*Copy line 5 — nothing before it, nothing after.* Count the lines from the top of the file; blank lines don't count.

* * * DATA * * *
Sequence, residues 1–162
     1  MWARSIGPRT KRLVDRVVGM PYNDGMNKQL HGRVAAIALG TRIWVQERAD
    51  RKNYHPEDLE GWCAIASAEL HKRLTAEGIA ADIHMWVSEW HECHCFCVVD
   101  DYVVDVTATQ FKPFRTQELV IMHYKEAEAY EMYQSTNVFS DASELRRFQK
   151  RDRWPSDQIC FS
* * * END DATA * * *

   151  RDRWPSDQIC FS